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|Atherosclerosis - Medical Animation
|MEDICAL ANIMATION TRANSCRIPT: Atherosclerosis is a life-threatening disease that may have begun to develop during childhood. This condition is a process in which deposits of fatty material, called plaque, build up inside the walls of arteries, reducing or completely blocking blood flow. Although the exact causes of atherosclerosis are not clear, many scientists think it begins with damage to the inner wall of an artery, called the endothelium. Substances traveling in the blood, such as cholesterol, fats and cellular waste products, accumulate inside the damaged area of the arterial wall. Chemical reactions occurring within the buildup of material cause cholesterol molecules to oxidize. This initiates an inflammatory response in which the endothelial cells at the damage site release chemicals that signal a call for help. In response, monocytes from the bloodstream travel to the damage site. Stimulation from oxidized cholesterol converts the monocytes into macrophages. The macrophages eat and digest the cholesterol molecules. As a result of this process, the macrophages change into foam cells, which accumulate to form plaque. As the plaque increases in size, the arterial wall thickens and hardens. At the same time, smooth muscle cells within the arterial wall begin to multiply. Most of the smooth muscle cells move to the surface of the plaque. These cells contribute to the formation of a firm fibrous 'cap' covering the plaque. Eventually, the passageway through the artery narrows enough to reduce blood flow and the amount of oxygen received by the organs it supplies. Over time, the cap may erode and break open, releasing plaque into the bloodstream. The plaque can flow downstream and contribute to the formation of a blood clot, which can stop blood flow. As a result, limited blood supply is available to the areas surrounding the partially blocked artery, degrading and potentially killing the neighboring tissue.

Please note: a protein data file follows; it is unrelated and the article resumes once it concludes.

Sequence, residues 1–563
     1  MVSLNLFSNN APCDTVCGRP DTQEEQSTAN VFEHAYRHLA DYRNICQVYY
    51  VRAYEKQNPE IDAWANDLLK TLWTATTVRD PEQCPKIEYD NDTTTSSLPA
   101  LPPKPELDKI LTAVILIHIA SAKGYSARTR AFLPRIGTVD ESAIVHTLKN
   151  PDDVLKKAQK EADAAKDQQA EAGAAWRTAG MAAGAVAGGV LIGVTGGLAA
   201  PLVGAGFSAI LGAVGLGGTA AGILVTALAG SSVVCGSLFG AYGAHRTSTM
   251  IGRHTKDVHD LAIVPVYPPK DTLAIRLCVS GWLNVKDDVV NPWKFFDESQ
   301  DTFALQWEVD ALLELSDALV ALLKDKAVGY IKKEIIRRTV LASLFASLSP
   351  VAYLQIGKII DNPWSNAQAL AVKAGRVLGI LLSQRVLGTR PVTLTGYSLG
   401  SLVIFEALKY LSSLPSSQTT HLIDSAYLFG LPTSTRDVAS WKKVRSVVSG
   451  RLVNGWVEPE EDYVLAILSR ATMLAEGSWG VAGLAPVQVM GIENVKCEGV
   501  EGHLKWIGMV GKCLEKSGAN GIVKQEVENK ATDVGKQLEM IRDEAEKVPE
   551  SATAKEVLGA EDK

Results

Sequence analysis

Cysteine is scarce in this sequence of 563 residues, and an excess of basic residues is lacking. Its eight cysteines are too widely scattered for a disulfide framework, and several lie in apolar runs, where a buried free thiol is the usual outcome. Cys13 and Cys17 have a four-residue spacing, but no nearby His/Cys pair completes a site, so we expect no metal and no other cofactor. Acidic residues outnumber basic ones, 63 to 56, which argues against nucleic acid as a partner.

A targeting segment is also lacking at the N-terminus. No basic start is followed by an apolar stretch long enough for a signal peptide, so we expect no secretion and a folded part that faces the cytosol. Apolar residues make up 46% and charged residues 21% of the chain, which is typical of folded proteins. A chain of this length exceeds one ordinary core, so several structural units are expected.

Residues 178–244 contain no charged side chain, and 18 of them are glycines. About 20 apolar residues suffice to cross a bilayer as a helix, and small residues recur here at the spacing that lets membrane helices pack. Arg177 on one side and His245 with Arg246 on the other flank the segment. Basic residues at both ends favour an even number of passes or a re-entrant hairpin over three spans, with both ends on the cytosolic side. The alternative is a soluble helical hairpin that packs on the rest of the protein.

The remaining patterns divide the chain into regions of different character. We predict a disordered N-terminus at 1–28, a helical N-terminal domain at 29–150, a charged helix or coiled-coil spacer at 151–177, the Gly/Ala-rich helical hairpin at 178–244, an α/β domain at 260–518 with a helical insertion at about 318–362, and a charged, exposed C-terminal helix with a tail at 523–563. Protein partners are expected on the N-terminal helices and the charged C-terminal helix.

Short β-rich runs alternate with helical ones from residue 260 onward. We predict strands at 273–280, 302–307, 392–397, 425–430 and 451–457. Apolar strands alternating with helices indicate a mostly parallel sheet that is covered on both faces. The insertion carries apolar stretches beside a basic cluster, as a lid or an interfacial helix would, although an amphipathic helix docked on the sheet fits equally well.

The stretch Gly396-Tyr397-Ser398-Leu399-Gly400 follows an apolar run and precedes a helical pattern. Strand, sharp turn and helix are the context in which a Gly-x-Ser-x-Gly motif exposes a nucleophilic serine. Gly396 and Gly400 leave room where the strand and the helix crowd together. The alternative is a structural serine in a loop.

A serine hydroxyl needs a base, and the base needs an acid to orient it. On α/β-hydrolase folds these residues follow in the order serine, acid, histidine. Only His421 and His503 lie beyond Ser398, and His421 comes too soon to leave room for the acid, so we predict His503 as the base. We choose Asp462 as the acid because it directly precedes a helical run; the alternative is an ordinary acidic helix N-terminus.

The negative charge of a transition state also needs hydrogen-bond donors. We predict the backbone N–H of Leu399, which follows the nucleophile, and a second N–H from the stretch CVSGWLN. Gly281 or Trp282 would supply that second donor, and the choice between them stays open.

|What attorneys say about MLA and The Doe Report:
|"This past year, your company prepared three medical illustrations for our cases; two in which we received six figure awards; one in which we received a substantial seven figure award. I believe in large part, the amounts obtained were due to the vivid illustrations of my clients' injuries and the impact on the finder of fact."
Donald W. Marcari
Marcari Russotto & Spencer, P.C.
|"It is my experience that it's much more effective to show a jury what
happened than simply to tell a jury what happened. In this day and age where
people are used to getting information visually, through television and
other visual media, I would be at a disadvantage using only words.
I teach a Litigation Process class at the University of Baltimore Law Schooland use [Medical Legal Art's] animation in my class. Students always saythat they never really understood what happened to [to my client] until theysaw the animation.
Animations are powerful communication tools that should be used wheneverpossible to persuade juries."
Andrew G. Slutkin
Snyder Slutkin & Kopec
|"I would like to thank all of you at Medical Legal Art for all the
assistance you provided. It was a result of the excellent, timely work
that we were able to conclude the case successfully.
I feel very confident that our paths will cross again."
Fritz G. Faerber
Faerber & Anderson, P.C.
St. Louis, MO
|"We got a defense verdict yesterday! Your exhibit was extremely helpful in
showing the jury how unlikely it is to damage all four of the nerve branches
which control the sense of taste."
Karen M. Talbot
Silverman Bernheim & Vogel, P.C.